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Small Land Rover


Mark
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Hello All,

Some of you may recall that at Billing a couple of years ago there was a competition to win a Toylander Series 1. Some of you may also recall that I won said competition and have finally now got round to building my prize! As such I thought I would share the progress with you as I go along.

Some questions you may be asking:

<You> Why has it taken you over two years from entering the competition to actually start building it???

<Me> I was informed I had won the Toylander around november 2003. I spoke to the esteemed Mr Green at LRE, who promised that he would get my prize to me as soon as possible, and he would call me back in a few days to arrange it. He didn't ring so after a few weeks, I rang back and was told the same thing again.

Guess what? Yep, he didn't ring, so I left it a few weeks... repeat for about 8 months...

Eventually I decided to speak to Richard Shepherd of Real Life Toys directly, and what a difference! Anyway, to save shipping and collection charges and the like I agreed that I would pick the Toylander up from him at a show, namely one at Ringmer, East Sussex. So thats what I did - in august of last year!

Since then it has been my own projects (Moving house, getting new house sorted, etc, etc) that have got in the way, but I finally decided to start work on it!

<You> Why are you building it? I thought the prize was a complete Toylander?

<Me> When I spoke to Mr Shepherd, he explained to me that I had won a shell and all the bits to bolt to it to make a toylander. I explained that I was really looking forward to making it myself, rather than just assembling the metal bits. Richard was more than happy to help out, and supply the shell unassembled and even threw in a couple of the extra options for me, since he didn't have to invest the time in making the Shell - Everyone is happy!

<You>So you are just glueing a set of parts together then?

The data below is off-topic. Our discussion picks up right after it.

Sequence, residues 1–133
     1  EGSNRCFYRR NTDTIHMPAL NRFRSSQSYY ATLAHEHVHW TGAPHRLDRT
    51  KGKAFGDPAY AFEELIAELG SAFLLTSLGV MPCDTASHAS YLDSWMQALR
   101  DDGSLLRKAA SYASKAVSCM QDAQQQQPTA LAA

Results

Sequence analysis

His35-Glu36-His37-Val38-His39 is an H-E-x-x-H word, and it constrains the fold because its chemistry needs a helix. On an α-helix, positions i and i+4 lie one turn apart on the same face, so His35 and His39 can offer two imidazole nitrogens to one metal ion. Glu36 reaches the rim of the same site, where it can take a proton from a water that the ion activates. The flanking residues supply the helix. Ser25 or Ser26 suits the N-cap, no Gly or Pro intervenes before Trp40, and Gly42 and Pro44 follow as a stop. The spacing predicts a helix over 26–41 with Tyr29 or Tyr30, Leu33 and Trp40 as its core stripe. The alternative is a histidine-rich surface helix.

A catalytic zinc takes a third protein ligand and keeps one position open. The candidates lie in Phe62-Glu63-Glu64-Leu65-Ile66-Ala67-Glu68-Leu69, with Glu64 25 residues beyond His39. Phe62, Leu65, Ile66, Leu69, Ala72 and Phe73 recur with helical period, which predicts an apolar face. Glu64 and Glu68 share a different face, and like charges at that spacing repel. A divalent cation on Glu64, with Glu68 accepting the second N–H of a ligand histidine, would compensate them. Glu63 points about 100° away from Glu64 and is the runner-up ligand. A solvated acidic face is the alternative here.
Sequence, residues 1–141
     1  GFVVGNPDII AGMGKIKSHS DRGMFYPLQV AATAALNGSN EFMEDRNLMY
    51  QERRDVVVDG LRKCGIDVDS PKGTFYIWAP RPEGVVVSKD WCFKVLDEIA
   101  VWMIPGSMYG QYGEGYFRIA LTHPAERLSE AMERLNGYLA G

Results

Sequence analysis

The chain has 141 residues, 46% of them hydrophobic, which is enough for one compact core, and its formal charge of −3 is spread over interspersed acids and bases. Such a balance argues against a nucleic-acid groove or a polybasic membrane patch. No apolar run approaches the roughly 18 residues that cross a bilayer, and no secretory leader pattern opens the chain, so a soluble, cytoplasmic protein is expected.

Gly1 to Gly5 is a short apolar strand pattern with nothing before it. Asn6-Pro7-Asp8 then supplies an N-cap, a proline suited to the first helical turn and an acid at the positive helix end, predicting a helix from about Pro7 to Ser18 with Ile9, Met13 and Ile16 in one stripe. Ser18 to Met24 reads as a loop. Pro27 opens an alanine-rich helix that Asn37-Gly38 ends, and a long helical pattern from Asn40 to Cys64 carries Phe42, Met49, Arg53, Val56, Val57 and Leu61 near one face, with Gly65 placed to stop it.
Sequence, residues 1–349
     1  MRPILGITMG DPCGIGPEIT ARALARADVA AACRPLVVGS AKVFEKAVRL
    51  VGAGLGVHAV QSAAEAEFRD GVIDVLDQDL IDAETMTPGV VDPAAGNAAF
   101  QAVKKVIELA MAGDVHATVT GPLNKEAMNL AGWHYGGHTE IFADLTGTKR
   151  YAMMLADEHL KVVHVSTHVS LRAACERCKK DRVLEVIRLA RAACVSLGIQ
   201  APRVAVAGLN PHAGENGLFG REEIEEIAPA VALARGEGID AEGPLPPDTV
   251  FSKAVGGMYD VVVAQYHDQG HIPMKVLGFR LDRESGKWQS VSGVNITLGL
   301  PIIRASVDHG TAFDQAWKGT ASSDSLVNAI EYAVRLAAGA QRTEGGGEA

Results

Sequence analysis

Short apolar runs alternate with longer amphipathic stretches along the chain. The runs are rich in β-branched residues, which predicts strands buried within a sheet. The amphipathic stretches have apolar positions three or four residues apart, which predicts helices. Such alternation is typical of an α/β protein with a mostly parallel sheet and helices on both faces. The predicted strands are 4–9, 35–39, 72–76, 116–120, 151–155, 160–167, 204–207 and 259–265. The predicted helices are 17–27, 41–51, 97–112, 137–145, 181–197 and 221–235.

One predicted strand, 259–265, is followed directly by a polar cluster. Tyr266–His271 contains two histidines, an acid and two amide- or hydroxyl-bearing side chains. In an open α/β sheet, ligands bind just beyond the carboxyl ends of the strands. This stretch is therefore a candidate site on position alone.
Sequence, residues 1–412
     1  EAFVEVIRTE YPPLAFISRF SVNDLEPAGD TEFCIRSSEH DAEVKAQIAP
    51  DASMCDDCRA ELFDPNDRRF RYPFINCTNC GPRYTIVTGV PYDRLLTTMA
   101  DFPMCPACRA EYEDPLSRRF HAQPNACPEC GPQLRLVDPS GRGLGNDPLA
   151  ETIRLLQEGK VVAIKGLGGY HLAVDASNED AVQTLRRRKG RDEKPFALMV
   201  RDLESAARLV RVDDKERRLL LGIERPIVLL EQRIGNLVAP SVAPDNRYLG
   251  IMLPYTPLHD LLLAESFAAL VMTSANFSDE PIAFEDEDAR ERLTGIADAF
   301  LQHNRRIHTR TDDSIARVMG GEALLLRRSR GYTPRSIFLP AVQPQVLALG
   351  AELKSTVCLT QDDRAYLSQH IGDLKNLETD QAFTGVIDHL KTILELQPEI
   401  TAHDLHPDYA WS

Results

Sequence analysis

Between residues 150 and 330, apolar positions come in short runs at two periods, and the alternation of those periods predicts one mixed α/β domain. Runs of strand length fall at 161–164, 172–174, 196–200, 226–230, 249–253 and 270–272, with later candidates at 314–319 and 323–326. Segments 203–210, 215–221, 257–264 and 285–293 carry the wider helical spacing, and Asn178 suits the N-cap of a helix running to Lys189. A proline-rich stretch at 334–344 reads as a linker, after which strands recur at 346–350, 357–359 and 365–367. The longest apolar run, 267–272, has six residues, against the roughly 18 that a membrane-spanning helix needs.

<Me> Not as such. What I was given was a complete set of CNC Routed MDF panels and all the bits to make the rest of the car. There is still a lot of woodwork to do before you get a working model. The other slightly interesting thing is that there are no build instructions as such. The Series 1 was designed to be supplied as either a set of drawings for you to build the car from scratch, or as a semi-assembled kit. No one had actually assembled the production panels as a kit except for Richard himself. Anyway, it all seems like a big puzzle to me....

<You>So you are some kind of woodworker then???

<Me> No, not really. I am happy working in wood, but happier in metal. As such my techniques are more like a metalworker than a wood worker - Oh and I use a lot of power tools!

So, anyway sorry for the long intro. I spent yesterday (25/09/2005) afternoon glueing and screwing battens onto some of the panels. This is basically the first stage of the build before assembly starts.

This evening (26/09/2005) I got bored with batten work, and wanted to do some assembly of the bits I did yesterday, so I now have the start of the chassis:

Chassis1.jpg

I also started to do the Bulkhead, which involved some routing and chamfering before clamping the two pieces together:

Bulkheadclampedup.jpg

Hopefully I tomorrow I will get the sides battened up and then put them on the chassis later in the week.

Anyway, sorry for the long post, but I hope to keep this updated with the progress of the build.

Cheers

Mark

I meant to add a couple of observations so far:

- The quality of the kit is superb. Having accuratly cut panels makes the whole thing a real joy to work on! I guess I am spoilt...

- The list of tools required as listed in the manual is very modest - basic hand tools,jigsaw, drill, etc. However, the following tools make life a whole lot simpler, and a quality result much easier to achieve:

  • Chop (Mitre) Saw - Makes chopping up the battens neat and square every time
  • Battery Drill with Clutch - Makes getting the screw neat a doddle
  • Bench mounted belt/wheel sander - for cleaning up chopped battens, making adjustments and chamfers and the like!
  • A combined pilot Hole and countersink bit - Doing the battening can get kinda tedious, this makes it just a bit quicker

I will continue to update with my thoughts as I progress

Cheers

Mark

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Did some more to the Toylander today.

Mostly it was more body building, which started of by adding battens to the side panels:

bodyside.JPG

Having done both side panels, they were then added to the tub along with the bulkhead that you saw clamped up above - suddenly we start to have something that looks a bit like a series 1 land rover:

bothsideson.jpg

The back piece was next to be added:

backon.jpg

The rest of the day was taken up building up the inner wings, which I will hopefully add tomorrow This should make the front end look a lot more complete by the end of the day, with the wing tops and fronts.

I also spent a while cleaning and painting the metalwork that will go underneath - axles, braking mechanism and steering components are all supplied in bare metal, so some of them got a good wire brushing and clean before being coated in shiney blak hammerite.